But I think it’s notable that a man whose scholarly career was probably the most insulated from any kind of political pressure so profoundly and intuitively understood the importance of protecting intellectual freedom throughout the whole academy. To adapt Martin Luther King Jr.’s line about injustice, Bob knew that a threat to independent thinking anywhere was a threat to independent thinking everywhere, including in abstruse mathematics and the hard sciences. The stands he took when it came to hot-button questions about safe spaces, trigger warnings and controversial speakers ultimately had little to do with relatively lowly questions about university politics. They were about defending the life of the mind at its highest and furthest reaches.
Bob understood something else: that “one man with courage makes a majority.” He showed other university presidents how it’s done — what it means to take a stand, how to effectively communicate your beliefs, and when to put your foot down. In contrast to how M.I.T. handled Professor Abbot’s opinions, he responded to a Chicago campus campaign to have Abbot sanctioned with a reminder that “the University does not limit the comments of faculty members, mandate apologies or impose other disciplinary consequences for such comments, unless there has been a violation of University policy or the law.”
People often note that the Chicago Principles have been adopted by scores of universities, and that’s great. But where Bob’s real legacy lies is in the academic leaders who are finally finding their nerve to stand up to the enemies of intellectual freedom. And, in doing so, he showed that a university president who was morally courageous and intellectually cogent would also attract the best students, inspirit the best faculty and regain the loyalty of doubting alumni — because leaders with courage are leaders with followers.
In short, Bob created an institutional culture that, as Salman Rushdie once said, serves as a safe space for thought, not a safe space from thought. And my question to you, both in the audience and on this stage, is whether you will take inspiration from it in your own lives and careers.
I hope you do, whether you choose to lead a private or a public life. And I hope you do so by writing your own version of “The Joy of Argument” — which is like a similarly titled book from 50 years ago, updated for an era that has become curiously and depressingly afraid of both. The joy of argument is not about “owning” or “destroying” or otherwise trying to disparage, caricature or humiliate your opponent. On the contrary, it should be about opposition and mutuality, friction and delight, the loosening of inhibitions and the heightening of concentration, playfulness and seriousness, and, sometimes even, a truly generative act.
Yes, I am comparing great arguments to great sex. But the analogy bears a brief follow-through because, in the last analysis, the only way in which we are going to create institutions in which independent thought and free expression flourish isn’t through a declaration of principles, however well constructed it may be — at best, those principles can only lay the ground for what we are trying to achieve. Nor can it be on account of some worthy but abstract goal, like the health of democracy — which, again, is wonderful, but rarely motivates people to action.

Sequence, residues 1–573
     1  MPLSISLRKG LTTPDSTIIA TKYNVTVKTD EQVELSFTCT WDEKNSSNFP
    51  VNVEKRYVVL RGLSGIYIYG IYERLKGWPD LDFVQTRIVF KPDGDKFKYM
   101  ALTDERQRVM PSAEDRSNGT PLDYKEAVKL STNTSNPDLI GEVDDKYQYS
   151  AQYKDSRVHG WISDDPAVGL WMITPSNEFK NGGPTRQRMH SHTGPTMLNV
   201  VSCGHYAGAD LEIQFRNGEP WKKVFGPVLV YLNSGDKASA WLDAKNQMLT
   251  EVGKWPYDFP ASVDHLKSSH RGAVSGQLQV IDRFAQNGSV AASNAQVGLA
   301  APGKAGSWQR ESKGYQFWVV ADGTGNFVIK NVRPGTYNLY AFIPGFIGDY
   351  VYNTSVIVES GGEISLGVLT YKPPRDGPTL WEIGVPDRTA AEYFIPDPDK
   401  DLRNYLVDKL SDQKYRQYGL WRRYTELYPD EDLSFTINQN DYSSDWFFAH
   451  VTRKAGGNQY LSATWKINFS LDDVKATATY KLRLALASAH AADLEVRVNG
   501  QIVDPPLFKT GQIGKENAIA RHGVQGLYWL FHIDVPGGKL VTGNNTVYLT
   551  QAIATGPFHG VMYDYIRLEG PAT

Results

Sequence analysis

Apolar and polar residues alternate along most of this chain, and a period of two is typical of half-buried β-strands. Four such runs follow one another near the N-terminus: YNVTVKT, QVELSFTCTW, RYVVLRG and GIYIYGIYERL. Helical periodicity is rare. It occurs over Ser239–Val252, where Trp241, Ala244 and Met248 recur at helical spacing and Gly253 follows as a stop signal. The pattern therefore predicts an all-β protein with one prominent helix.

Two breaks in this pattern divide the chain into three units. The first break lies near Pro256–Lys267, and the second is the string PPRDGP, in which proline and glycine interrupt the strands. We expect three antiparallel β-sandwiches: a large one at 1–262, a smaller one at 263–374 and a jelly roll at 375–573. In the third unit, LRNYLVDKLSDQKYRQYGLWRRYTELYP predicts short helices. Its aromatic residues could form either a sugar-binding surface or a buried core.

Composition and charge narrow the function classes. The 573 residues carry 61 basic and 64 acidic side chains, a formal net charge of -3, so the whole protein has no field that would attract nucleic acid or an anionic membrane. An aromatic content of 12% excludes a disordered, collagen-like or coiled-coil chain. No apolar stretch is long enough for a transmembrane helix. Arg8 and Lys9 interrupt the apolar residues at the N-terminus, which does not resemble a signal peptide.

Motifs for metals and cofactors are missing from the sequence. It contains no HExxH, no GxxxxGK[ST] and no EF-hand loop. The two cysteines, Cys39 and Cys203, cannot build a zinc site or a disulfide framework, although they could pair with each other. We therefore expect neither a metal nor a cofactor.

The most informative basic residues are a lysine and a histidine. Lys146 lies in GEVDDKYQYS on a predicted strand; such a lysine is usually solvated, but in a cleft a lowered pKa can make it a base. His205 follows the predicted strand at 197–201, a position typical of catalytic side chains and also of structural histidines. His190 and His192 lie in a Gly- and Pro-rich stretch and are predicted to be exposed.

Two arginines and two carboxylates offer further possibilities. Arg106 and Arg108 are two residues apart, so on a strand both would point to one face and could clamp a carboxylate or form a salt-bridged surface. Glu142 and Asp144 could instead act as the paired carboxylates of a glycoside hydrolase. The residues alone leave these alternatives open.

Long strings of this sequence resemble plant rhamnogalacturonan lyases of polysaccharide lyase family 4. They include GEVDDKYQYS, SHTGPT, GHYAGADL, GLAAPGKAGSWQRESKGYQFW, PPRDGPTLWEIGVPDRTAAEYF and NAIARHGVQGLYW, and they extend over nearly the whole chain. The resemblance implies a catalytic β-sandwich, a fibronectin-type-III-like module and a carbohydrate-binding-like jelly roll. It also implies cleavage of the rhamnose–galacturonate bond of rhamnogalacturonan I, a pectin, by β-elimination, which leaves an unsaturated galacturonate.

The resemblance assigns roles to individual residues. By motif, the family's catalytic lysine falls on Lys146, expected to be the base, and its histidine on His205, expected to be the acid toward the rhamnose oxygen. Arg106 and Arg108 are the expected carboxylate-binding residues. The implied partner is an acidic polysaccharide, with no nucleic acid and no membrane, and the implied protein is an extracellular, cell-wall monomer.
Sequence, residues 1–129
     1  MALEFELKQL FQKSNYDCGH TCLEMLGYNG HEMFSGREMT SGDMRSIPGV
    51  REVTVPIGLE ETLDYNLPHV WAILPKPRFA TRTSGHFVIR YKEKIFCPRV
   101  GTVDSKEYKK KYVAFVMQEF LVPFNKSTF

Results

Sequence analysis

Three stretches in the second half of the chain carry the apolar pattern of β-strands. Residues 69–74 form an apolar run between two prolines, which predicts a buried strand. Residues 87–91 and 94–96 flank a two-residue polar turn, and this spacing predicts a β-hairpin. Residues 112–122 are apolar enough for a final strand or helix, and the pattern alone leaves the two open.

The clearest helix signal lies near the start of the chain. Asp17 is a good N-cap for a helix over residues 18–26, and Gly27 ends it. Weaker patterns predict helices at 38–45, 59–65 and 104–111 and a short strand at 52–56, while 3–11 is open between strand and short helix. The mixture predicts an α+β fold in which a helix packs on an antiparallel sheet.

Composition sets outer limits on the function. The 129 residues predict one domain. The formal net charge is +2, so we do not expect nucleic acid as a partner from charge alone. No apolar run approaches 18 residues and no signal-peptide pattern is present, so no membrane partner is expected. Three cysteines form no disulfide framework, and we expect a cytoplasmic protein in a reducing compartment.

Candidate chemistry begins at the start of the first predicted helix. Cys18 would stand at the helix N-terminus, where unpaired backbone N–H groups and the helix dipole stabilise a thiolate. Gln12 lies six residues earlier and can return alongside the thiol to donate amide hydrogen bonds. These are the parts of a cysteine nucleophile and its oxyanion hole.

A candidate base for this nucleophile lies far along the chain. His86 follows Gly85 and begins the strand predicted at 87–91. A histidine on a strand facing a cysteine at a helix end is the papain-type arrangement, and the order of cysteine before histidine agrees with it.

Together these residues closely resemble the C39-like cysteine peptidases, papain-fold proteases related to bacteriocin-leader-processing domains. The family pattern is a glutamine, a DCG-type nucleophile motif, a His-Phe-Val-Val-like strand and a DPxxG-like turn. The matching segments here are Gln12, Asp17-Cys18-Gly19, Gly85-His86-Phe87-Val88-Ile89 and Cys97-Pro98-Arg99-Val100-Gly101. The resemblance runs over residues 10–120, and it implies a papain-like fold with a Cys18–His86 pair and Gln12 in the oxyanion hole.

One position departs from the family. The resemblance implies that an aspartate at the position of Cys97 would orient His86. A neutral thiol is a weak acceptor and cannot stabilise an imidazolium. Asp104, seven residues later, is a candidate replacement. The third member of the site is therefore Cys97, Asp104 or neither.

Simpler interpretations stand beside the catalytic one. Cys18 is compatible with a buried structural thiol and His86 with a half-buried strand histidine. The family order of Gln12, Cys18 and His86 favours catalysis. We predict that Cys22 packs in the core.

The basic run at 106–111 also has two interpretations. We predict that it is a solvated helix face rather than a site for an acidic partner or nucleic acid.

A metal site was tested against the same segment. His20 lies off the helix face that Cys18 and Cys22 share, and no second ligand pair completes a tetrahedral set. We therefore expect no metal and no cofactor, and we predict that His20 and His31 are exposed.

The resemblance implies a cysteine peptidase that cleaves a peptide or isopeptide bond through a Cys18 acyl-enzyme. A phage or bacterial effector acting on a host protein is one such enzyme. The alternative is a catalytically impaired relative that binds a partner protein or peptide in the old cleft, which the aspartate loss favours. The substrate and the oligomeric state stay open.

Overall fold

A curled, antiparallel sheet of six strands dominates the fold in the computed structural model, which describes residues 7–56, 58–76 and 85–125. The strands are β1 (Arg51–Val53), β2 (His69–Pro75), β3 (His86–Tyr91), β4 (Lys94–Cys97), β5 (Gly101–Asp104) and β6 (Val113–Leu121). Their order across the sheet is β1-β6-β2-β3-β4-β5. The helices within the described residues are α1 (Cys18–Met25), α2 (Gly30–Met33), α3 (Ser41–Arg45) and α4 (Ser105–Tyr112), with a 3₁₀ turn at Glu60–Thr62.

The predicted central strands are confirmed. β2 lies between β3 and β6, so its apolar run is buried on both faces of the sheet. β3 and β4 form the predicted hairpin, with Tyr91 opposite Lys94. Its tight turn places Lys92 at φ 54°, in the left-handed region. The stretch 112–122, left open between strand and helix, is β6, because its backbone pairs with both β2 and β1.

We are going to succeed at the task only when we persuade others, and ourselves, that these things you’ve all been doing at the University of Chicago for the past few years — discussing and debating and interrogating and doubting and laughing and thinking harder and better than you ever did before — aren’t the antithesis of fun. They are the essence of it. They make up the uniquely joyful experience of being authentically and expressively and unashamedly yourself and, at the same time, having a form of honest and intimate contact with others who, in their own ways, are being authentically and expressively and unashamedly themselves.
Enough with the sex analogy. You are about to go out into the real world, as real adults, with a real hand in shaping the conditions of our common life. Many of you will soon join and eventually lead great institutions, and a few of you will create significant businesses, NGOs, schools and other institutions of your own. I’m guessing not many of you are thinking: “I want to make them just like the University of Chicago,” at least as far as subzero temperatures, midterms that begin the third week and the food at Valois are concerned.
But I hope you can at least say this: that, at Chicago, you learned that institutions become and remain great not because of the weight of their traditions or the perception of their prestige, but because they are places where the sharpest thinking is given the freest rein, and where strong arguments may meet stronger ones, and where “error of opinion may be tolerated” because “reason is left free to combat it” and where joy and delight are generally found at the point of contact — mental or otherwise.
If you can say this, then Chicago will have served you well. And if you can bring this mind-set and this spirit to the places you will soon make your own, then you will have served Chicago even better.